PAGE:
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Fast life history traits promote invasion success in amphibians and reptiles.

Allen, W.L. and Street, S.E. and Capellini, I. (2017) 'Fast life history traits promote invasion success in amphibians and reptiles.', Ecology letters., 20 (2). pp. 222-230.

Abstract

Competing theoretical models make different predictions on which life history strategies facilitate growth of small populations. While ‘fast’ strategies allow for rapid increase in population size and limit vulnerability to stochastic events, ‘slow’ strategies and bet-hedging may reduce variance in vital rates in response to stochasticity. We test these predictions using biological invasions since founder alien populations start small, compiling the largest dataset yet of global herpetological introductions and life history traits. Using state-of-the-art phylogenetic comparative methods, we show that successful invaders have fast traits, such as large and frequent clutches, at both establishment and spread stages. These results, together with recent findings in mammals and plants, support ‘fast advantage’ models and the importance of high potential population growth rate. Conversely, successful alien birds are bet-hedgers. We propose that transient population dynamics and differences in longevity and behavioural flexibility can help reconcile apparently contrasting results across terrestrial vertebrate classes.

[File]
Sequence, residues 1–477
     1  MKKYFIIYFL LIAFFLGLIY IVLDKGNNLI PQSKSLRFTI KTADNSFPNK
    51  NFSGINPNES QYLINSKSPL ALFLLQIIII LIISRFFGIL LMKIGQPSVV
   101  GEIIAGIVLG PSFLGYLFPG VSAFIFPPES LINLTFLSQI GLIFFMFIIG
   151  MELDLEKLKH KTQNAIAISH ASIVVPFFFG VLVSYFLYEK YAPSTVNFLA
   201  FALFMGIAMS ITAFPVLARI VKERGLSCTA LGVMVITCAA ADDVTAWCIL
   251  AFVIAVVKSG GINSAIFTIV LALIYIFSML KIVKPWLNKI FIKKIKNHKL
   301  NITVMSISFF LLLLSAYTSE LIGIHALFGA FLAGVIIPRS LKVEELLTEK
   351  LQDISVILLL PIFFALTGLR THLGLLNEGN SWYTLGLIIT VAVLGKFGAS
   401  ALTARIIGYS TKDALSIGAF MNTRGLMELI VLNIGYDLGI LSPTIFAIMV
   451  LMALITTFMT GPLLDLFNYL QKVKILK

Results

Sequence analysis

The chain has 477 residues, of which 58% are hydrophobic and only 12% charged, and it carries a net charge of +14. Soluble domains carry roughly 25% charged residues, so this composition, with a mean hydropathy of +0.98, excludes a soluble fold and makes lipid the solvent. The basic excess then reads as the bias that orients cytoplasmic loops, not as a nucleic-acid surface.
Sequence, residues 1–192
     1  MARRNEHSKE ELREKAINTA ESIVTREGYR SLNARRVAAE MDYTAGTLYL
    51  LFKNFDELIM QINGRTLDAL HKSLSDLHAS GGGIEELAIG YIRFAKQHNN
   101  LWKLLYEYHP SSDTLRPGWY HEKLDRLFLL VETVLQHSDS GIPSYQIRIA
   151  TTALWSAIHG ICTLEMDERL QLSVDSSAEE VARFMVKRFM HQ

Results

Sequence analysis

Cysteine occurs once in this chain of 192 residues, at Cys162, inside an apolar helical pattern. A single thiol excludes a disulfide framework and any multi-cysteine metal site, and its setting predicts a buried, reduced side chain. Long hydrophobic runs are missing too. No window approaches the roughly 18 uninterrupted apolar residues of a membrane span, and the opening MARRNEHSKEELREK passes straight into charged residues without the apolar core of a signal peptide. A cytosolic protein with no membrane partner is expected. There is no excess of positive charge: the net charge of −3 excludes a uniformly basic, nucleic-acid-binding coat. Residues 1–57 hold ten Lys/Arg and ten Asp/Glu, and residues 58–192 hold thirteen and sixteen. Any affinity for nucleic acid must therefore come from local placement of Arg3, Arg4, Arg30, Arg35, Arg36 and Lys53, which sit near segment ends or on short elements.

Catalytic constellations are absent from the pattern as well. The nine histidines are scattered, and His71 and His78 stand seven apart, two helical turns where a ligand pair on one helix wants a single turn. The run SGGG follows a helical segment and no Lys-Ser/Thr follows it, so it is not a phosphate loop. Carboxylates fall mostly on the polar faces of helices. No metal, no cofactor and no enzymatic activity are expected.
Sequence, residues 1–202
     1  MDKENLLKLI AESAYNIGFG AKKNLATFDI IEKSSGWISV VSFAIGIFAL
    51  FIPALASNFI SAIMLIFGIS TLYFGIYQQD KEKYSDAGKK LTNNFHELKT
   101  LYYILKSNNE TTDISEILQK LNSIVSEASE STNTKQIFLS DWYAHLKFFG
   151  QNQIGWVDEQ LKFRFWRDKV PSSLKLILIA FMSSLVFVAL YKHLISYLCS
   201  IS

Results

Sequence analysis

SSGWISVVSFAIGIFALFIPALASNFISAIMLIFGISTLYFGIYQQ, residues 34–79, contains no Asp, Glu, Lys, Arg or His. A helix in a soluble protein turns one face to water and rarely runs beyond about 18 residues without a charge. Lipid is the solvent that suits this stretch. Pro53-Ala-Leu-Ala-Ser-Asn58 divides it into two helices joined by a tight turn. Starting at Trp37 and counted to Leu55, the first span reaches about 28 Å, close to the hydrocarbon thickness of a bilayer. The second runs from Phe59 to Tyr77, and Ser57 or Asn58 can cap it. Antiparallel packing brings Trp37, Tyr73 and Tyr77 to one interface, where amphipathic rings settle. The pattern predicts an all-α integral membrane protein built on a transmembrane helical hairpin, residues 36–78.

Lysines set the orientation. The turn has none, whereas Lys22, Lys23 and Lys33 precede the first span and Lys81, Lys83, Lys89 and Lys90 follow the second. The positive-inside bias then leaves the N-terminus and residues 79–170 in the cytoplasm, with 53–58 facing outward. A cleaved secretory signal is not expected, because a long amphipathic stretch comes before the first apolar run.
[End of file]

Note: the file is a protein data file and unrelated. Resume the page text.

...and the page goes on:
Item Type:Article
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Available under License - Creative Commons Attribution.
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Status:Peer-reviewed
Publisher Web site:https://doi.org/10.1111/ele.12728
Publisher statement:© 2017 The Authors. Ecology Letters published by CNRS and John Wiley & Sons Ltd. This is an open access article under the terms of the Creative Commons Attribution License, which permits use, distribution and reproduction in any medium, provided the original work is properly cited.
Date accepted:02 December 2016
Date deposited:24 August 2017
Date of first online publication:04 January 2017
Date first made open access:24 August 2017

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